The wild world of flow cytometry

Cells + liquid + lasers

No one knows how many types of immune cells are out there. Experts in the Flow Cytometry Core at La Jolla Institute for Immunology (LJI) are on their way to finding out. 

“Most textbooks say there are around 80 to 100 immune cell types,” says LJI Flow Cytometry Core Senior Director Cheryl Kim. “But scientists use flow cytometry to discover new immune cell types all the time. So there must be hundreds and hundreds.”

Flow cytometry is an important technique in immunology because it can reveal exactly which kinds of immune cells jump into action against different diseases. “Cytometry” translates to “measurement of a cell.” The “flow” part just means that the process takes place in a stream of fluid.

LJI’s Flow Core is one of the best facilities of its kind in California. The Flow Core is home to an impressive range of machines—machines so precise they can detect incredibly rare immune cells. Kim’s team can literally separate one cell from a million.

The Flow Core staff starts with a sample— perhaps a vial of blood from a clinical study volunteer or a bit of spleen from a mouse model of disease. They isolate immune cells from the sample by mixing them with some very useful antibodies.

These antibodies are tagged with fluorescent dyes, called fluorophores, and they are engineered to seek out and bind to specific immune cells. When the right antibodies recognize proteins on the right immune cell, they bind to that immune cell and light it up.

Flow Core staff use a whole rainbow of fluorophores to tag many different cell types in a single sample. “We work in colors here,” says LJI Flow Cytometry Core Scientific Lead, Denise Hinz, Ph.D. “The technology is evolving so quickly, and new dyes are constantly being released.”

Lasers are next. The Flow Core staff put the cells into machines called flow cytometers, or “analyzers,” where the cells flow along in a saline stream. Each cell passes through lasers of different wavelengths, which “excite” the different fluorophores. On a nearby computer screen, Kim’s team can see—in real time—whenever a fluorophore is detected.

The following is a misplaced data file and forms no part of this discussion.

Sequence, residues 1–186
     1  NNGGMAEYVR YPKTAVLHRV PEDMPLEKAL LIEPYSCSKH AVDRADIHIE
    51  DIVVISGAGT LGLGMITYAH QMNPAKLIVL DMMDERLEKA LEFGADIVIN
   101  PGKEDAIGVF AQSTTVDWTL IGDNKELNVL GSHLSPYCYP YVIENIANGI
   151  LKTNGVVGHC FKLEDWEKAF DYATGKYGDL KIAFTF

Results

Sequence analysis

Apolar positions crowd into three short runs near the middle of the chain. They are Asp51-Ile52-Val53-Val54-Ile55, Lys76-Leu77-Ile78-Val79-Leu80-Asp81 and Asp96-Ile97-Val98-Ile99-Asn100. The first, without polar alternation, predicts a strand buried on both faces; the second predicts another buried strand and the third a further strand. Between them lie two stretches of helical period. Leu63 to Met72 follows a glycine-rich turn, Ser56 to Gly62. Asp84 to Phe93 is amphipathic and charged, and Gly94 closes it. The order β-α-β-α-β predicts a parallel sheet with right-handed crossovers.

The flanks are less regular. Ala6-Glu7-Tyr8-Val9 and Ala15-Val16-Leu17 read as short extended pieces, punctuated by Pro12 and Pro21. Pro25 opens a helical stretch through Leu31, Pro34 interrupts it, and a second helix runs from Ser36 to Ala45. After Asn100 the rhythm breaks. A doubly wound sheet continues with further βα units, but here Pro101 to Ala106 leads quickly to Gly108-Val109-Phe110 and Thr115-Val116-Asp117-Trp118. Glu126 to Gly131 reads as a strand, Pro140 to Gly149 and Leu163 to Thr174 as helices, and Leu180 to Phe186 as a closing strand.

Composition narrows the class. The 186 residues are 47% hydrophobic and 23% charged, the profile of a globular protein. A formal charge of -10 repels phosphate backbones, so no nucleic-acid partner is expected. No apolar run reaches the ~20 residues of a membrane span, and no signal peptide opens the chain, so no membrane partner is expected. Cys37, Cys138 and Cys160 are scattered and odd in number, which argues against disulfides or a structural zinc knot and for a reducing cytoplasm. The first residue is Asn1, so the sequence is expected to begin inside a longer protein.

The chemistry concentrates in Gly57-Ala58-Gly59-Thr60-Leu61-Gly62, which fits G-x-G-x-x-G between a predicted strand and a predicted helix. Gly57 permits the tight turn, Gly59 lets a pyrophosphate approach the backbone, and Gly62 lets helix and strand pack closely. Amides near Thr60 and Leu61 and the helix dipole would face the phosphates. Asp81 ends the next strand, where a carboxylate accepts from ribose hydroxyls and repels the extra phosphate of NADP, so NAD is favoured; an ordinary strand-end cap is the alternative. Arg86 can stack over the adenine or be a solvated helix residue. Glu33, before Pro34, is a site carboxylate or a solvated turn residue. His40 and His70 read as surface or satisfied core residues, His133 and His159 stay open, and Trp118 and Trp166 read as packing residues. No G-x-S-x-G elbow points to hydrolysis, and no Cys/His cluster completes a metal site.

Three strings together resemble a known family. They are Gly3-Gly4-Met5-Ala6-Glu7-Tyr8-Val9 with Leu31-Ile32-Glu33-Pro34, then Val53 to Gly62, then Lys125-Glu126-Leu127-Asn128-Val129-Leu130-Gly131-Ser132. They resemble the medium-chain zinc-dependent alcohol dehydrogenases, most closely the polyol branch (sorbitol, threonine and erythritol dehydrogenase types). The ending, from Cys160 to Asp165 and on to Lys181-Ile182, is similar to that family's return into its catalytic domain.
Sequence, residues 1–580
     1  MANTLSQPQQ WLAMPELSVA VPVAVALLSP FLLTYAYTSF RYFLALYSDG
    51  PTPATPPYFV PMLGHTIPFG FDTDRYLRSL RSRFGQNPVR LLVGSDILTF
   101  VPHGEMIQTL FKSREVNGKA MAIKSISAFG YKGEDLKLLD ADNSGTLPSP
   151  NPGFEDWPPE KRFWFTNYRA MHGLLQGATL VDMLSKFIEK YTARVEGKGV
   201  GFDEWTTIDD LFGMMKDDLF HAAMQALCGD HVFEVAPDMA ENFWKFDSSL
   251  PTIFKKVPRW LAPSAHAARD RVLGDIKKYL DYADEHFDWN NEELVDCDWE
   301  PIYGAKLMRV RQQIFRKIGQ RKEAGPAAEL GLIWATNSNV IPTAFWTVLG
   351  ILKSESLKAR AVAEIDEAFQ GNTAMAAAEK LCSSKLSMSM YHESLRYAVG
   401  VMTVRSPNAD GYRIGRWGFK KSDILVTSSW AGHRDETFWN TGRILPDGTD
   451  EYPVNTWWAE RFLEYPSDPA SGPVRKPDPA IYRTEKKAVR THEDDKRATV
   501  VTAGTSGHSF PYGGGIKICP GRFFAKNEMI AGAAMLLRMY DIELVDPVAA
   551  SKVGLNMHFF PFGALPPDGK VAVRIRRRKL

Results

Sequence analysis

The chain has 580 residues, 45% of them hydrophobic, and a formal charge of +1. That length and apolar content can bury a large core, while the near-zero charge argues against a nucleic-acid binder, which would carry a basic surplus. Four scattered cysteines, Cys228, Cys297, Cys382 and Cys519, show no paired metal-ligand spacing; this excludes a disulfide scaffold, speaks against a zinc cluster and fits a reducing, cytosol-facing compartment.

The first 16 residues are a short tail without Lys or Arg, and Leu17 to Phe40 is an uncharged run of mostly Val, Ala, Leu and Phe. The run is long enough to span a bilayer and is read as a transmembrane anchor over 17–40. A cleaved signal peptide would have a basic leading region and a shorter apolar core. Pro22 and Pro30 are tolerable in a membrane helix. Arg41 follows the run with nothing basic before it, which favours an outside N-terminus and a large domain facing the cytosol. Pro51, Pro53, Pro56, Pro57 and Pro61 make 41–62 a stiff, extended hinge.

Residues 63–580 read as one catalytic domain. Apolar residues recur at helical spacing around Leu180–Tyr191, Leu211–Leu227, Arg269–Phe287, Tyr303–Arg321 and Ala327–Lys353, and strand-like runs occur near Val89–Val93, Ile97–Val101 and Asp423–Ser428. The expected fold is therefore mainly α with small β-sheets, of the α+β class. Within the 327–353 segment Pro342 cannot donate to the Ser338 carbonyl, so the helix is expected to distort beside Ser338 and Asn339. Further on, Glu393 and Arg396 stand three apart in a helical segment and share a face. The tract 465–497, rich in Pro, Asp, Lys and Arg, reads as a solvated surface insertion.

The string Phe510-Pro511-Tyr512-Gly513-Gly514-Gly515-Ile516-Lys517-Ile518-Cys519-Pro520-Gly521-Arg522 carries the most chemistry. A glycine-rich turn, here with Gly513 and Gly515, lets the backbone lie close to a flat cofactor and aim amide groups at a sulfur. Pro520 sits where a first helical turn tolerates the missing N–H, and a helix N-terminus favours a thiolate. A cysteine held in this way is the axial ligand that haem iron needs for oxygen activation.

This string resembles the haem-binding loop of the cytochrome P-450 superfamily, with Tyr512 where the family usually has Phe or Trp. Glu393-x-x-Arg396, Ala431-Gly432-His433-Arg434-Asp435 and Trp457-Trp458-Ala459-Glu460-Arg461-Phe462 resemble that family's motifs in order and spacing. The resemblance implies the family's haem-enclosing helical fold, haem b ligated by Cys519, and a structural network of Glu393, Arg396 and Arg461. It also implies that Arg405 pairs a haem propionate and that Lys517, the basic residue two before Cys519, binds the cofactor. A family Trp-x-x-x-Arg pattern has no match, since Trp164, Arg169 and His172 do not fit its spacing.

“You can see it instantaneously. This is a high-throughput technique. We can go through at least 20 million cells an hour, which is huge.”

From these data, scientists can figure out which immune cells are most active in a sample. For example, they could compare immune cell responses between different patient age groups—or between women and men.

Then the cell sorters do their magic.

“The sorter component is kind of wild,” says Kim. Once the cells pass through the laser, the machine vibrates the stream of liquid and traps cells in individual droplets. The sorter adds an electric charge to each droplet and divides the immune cells by type.

These flow cytometers are astonishingly precise. For a recent investigation into drivers of cardiovascular disease, the Flow Core staff worked with LJI scientists to detect immune cells called ex-T regulatory cells in human samples for the first time ever. The Flow Core’s speed also makes a big difference. In early 2020, Flow Core staff worked around the clock to uncover key data showing the importance of T cells in fighting off SARS-CoV-2.

The Flow Core continues to grow thanks to new grants and generous philanthropic support, including large purchases made possible by The Conrad Prebys Foundation and an anonymous foundation. In 2019, LJI purchased an advanced type of cell sorter called the BD FACSymphony S6— the first one ever installed in a U.S. facility, and the fourth ever installed in the world. Philanthropic support allowed the Institute to purchase a second one soon after. And the Flow Core team recently brought in a machine called the Cytek Aurora CS, which has lasers that distinguish between 40 different colors.

“We want to be right on the bleeding edge,” Kim says.

Interviews by Matt Ellenbogen and Madeline McCurry-Schmidt. Article by Madeline McCurry-Schmidt. Photos and video by Matt Ellenbogen.

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